Art in the City: The History and Contemporary Practices of St. Petersburg Performance
The group SVOI was formed in 1987 by students from the Leningrad Vera Mukhina Higher School of Art and Design: Pavel Veschev, Dmitry Dudnik, Manya Kotlyn, Victor Kuznetsov (a.k.a. Hypper-Pupper), Alexander Menus, Maksa (Lyubov Maksyutina), Sveta Nosova, Herman Petrovykh, Alexander Podobed, and Mikhail Tkachev . After graduating, the artists decided to stay together to create group exhibitions and performances. SVOI was active until 1992. Later Alexander Podobed, who took on the role of archivist of the group, described its strategy for being together: “Rather than a single concept and a general style, which often bring groups together, SVOI was a living organism in which every participant played a very special role, different to the others [. . .]. It was the understanding of the uniqueness of each individual that formed the basis for the name of the group, which believed that everyone around was OURS (“SVOI”) rather than strangers.”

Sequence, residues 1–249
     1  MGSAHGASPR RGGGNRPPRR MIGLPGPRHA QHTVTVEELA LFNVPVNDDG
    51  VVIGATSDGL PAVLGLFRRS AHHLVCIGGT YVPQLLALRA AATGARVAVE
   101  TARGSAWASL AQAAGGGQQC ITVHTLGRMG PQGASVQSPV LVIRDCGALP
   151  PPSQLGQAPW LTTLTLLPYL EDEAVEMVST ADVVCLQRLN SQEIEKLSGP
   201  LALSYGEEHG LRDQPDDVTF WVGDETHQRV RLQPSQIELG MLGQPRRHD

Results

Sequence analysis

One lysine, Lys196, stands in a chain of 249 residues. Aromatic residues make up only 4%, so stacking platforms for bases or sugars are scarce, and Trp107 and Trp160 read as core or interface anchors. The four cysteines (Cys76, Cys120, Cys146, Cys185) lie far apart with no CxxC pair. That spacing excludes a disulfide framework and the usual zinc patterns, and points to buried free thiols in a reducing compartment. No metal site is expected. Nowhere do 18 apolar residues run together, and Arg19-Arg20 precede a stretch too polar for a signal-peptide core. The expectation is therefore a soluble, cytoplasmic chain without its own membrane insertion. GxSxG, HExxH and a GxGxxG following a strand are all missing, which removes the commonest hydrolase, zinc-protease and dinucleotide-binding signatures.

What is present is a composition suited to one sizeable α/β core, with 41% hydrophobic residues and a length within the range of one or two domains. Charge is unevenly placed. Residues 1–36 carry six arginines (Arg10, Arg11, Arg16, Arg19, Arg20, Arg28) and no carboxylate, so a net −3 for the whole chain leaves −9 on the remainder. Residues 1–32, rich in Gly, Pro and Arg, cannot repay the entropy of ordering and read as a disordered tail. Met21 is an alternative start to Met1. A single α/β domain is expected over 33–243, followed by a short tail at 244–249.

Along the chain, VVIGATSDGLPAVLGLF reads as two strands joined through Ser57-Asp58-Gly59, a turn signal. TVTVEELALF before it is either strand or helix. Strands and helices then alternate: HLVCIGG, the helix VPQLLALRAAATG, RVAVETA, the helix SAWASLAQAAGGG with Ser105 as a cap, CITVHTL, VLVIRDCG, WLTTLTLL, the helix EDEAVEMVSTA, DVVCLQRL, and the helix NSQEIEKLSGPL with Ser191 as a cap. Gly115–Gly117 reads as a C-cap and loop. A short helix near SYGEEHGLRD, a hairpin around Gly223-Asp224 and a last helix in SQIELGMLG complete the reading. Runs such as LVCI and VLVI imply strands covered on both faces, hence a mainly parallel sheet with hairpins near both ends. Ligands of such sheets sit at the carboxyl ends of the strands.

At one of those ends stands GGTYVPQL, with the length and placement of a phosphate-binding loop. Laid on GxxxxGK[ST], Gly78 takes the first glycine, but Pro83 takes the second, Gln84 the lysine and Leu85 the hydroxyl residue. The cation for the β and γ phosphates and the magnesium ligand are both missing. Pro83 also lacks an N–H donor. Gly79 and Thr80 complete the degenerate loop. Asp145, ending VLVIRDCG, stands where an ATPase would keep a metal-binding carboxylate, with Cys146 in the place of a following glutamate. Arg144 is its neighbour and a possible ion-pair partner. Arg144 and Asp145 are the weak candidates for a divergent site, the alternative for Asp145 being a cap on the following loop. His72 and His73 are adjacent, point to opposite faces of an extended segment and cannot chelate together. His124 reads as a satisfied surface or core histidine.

Each artist in the group, whether working on drawings or collages, objects or paintings, searched for their own range of topics and plastic language. Despite the “dissimilarity” of the works, they had something in common. The young artists were clearly interested in the artistic movements of the early twentieth century—from fauvism to surrealism—and used their knowledge to create works. However, the main unifying practice was happenings, most of which were based on improvisation and open interaction with the audience. Today it’s surprising that recent graduates of “Mukha,” which trained designers and applied artists, decided to work seriously with this art form in 1989, when information about international contemporary art was in short supply. For instance, when John Cage, one of founders happenings, visited Leningrad a year earlier, SVOI did not meet him. The genealogy of their art was more complex.